Franchise Tax Board of California v. Hyatt is the federal courts case that keeps on giving. It is a SCOTUS “threepeater,” having now reached the justices on three separate occasions. It raises a rich sovereign immunity issue — namely, whether states should enjoy immunity in one another’s courts. And it also asks the Supreme Court to overrule a precedent, Nevada v. Hall, that at least four justices were recently prepared to throw overboard. Whether new Justices Neil Gorsuch and Brett Kavanaugh follow that path will provide valuable insight into their emerging jurisprudence on federalism and stare decisis.

The case arises from allegations that Gilbert Hyatt evaded California taxes by falsely claiming to have moved to Nevada. After the Franchise Tax Board of California concluded that Hyatt owed millions in unpaid taxes, Hyatt, a citizen of Nevada, sued the board in Nevada court, alleging fraud and other torts. That litigation began in 1998. Eventually, Hyatt won a trial judgment of almost half a billion dollars — though a complex series of appeals, including two trips to the U.S. Supreme Court, have reduced the figure to about $100,000 plus the possibility of costs.

Back in 2016, when the justices last ruled in this case, there were two questions presented. One was whether to overrule Hall, which held that states generally lack sovereign immunity in one another’s courts. The court seemed prepared to overrule Hall by a 5-4 vote, but Justice Antonin Scalia passed away, leaving the court deadlocked on that issue. The remaining eight justices issued a ruling based on the other question presented. That unplanned sequence of events notified Hall’s defenders that they had one last chance to defend the rule against interstate sovereign immunity.

The board offers arguments based on history, intuition and precedent. At the founding, the board argues, states enjoyed immunity in one another’s courts, and the Constitution’s structure reinforced that principle. That result is sensible, the board continues: States already enjoy sovereign immunity in neutral federal courts, and there is all the more reason for a state to have sovereign immunity in the more partial courts of another state. True, Hall’s contrary rule is protected by stare decisis. But Hall predated the Rehnquist Court’s “federalist revolution,” which invigorated state sovereign immunity near the end of the 20th century. Indeed, then-Justice William Rehnquist authored a pointed dissent in Hall. In light of those later decisions, Hall has become a clearly erroneous outlier worthy of being overruled. Forty-four states filed in support of that basic position, with no states filing on Hyatt’s side.

Hyatt’s brief opens by arguing for a dismissal of the case on procedural grounds. In Hyatt’s view, the board has forfeited its sovereign immunity argument, and in any event the Supreme Court’s latest ruling in this case resolved the matter for purposes of these parties. The board disputes these arguments on their own terms and also levels a forfeiture allegation of its own: Hyatt did not mention these procedural points, or any similar problems, when the board sought the court’s review. And if Hyatt has been relying on a forfeiture or the law of the case, why wait to bring those points to the court’s attention?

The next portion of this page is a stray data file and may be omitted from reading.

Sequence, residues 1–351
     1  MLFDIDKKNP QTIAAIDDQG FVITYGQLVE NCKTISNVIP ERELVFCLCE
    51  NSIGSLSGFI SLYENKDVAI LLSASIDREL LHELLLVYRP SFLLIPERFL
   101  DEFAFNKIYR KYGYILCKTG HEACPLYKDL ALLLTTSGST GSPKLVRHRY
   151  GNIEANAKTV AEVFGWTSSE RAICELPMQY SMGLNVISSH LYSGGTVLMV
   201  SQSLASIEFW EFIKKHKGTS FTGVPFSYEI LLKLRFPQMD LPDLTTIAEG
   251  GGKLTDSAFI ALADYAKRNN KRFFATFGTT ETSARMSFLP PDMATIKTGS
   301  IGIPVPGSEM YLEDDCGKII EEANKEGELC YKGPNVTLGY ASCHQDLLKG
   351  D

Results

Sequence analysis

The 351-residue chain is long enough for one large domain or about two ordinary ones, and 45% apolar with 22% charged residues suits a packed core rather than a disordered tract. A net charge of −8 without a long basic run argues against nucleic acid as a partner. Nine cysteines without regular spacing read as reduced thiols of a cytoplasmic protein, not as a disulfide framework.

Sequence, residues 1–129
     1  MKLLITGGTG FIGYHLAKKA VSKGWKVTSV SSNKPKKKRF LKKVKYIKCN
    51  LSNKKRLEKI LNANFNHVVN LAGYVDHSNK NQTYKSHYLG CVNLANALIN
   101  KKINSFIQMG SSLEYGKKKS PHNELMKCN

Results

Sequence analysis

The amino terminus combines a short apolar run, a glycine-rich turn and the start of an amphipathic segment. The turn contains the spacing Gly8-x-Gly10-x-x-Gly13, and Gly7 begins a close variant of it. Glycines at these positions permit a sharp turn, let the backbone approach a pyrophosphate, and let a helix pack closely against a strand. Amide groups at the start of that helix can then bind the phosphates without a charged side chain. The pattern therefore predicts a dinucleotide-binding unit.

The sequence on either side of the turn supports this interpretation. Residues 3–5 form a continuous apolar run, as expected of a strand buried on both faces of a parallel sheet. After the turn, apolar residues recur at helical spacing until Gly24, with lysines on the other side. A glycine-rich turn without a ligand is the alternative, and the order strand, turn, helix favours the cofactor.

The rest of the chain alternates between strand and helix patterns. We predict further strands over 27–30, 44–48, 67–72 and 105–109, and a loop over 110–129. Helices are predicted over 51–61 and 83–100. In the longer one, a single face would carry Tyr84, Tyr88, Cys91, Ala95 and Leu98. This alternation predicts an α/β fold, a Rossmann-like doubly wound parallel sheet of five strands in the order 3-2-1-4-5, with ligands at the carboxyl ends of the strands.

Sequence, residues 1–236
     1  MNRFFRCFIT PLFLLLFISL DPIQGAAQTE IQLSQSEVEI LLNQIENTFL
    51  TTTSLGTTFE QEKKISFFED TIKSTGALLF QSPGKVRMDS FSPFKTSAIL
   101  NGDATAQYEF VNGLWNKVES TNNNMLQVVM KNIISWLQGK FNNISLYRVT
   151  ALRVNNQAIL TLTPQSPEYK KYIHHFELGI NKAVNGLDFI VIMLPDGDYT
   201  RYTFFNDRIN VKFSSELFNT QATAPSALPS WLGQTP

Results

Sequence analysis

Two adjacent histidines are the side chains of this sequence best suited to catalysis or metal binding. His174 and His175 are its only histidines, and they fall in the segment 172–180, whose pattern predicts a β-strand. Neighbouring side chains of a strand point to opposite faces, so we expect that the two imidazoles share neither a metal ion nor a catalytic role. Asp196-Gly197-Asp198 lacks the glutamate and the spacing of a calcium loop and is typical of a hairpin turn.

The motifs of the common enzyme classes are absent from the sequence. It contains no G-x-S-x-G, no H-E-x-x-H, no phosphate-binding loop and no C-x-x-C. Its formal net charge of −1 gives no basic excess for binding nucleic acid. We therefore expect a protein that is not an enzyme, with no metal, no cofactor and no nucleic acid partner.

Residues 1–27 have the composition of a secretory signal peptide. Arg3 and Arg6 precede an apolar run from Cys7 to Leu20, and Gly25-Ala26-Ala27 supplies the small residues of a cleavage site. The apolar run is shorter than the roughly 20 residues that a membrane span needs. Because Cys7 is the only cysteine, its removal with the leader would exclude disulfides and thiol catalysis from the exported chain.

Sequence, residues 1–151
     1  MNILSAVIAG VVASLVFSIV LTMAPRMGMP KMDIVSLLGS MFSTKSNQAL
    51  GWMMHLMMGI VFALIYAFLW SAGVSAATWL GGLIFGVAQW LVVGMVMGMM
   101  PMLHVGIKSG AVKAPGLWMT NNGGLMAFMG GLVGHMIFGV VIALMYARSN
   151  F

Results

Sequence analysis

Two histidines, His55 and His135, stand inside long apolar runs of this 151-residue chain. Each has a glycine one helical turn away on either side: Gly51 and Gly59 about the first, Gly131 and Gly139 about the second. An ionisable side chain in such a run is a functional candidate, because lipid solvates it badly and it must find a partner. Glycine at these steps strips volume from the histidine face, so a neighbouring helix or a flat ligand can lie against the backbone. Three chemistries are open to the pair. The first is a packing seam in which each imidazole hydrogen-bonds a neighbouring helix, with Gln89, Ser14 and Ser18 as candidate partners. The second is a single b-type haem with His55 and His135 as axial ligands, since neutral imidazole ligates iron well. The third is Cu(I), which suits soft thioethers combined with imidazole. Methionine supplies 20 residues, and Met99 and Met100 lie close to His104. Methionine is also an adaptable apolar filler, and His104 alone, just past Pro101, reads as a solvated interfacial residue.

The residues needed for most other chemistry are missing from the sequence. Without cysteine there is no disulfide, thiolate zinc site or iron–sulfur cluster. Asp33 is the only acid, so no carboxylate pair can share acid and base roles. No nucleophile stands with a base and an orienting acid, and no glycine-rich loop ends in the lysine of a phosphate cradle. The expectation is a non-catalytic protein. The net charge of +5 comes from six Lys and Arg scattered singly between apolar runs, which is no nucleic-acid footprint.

On the sovereign immunity issue, Hyatt disputes the proper meaning of various founding-era cases: Rather than establishing that states originally had sovereign immunity in one another’s courts, early practice shows that states afforded one another comity on a case-by-case basis. Hyatt also emphasizes that state dignitary interests lie on both sides of this case. Here, Nevada has an interest in affording relief to its citizen, and California’s assertion of sovereign immunity would frustrate that interest. Hyatt next emphasizes how much Nevada has reduced the judgment in this case, based in large part on considerations of interstate comity. That general point also cuts in favor of stare decisis: In the decades since Hall, states have not suffered an epidemic of meritless litigation. Thus, overruling Hall would do little to help state dignity but could unfairly foreclose relief for plaintiffs like Hyatt.

Hyatt’s most interesting argument draws on a bracing friend-of-the-court brief by Professors William Baude and Stephen Sachs. In short, Baude and Sachs contend that the Constitution cabined the federal government’s ability to intrude on the common-law sovereign immunity that prevailed at the founding. The Supreme Court was therefore right to place limits on Congress’ ability to overcome state sovereign immunity through normal Article I legislation. But because the Constitution does not place similar limits on the legislative powers of states, each state is free in its own courts to eliminate other states’ common law immunities. This theory pulls off what might have seemed impossible: It squares Hall with later Rehnquist Court cases that expanded state sovereign immunity.

Baude and Sachs do not stop there. To blunt concerns that Hall could foster abuse, Baude and Sachs argue for greater attention to 19th-century views on when states should recognize one another’s judgments. Under that approach, Hyatt’s judgment against California would likely be unenforceable. But that suggested reform seems improbable, and the professors’ argument invites a counterpoint: if legal changes have made states more vulnerable to enforceable judgments, then perhaps states should now benefit from a stronger form of sovereign immunity. In other words, strengthening state sovereign immunity might desirably compensate states for adverse changes in other areas of law.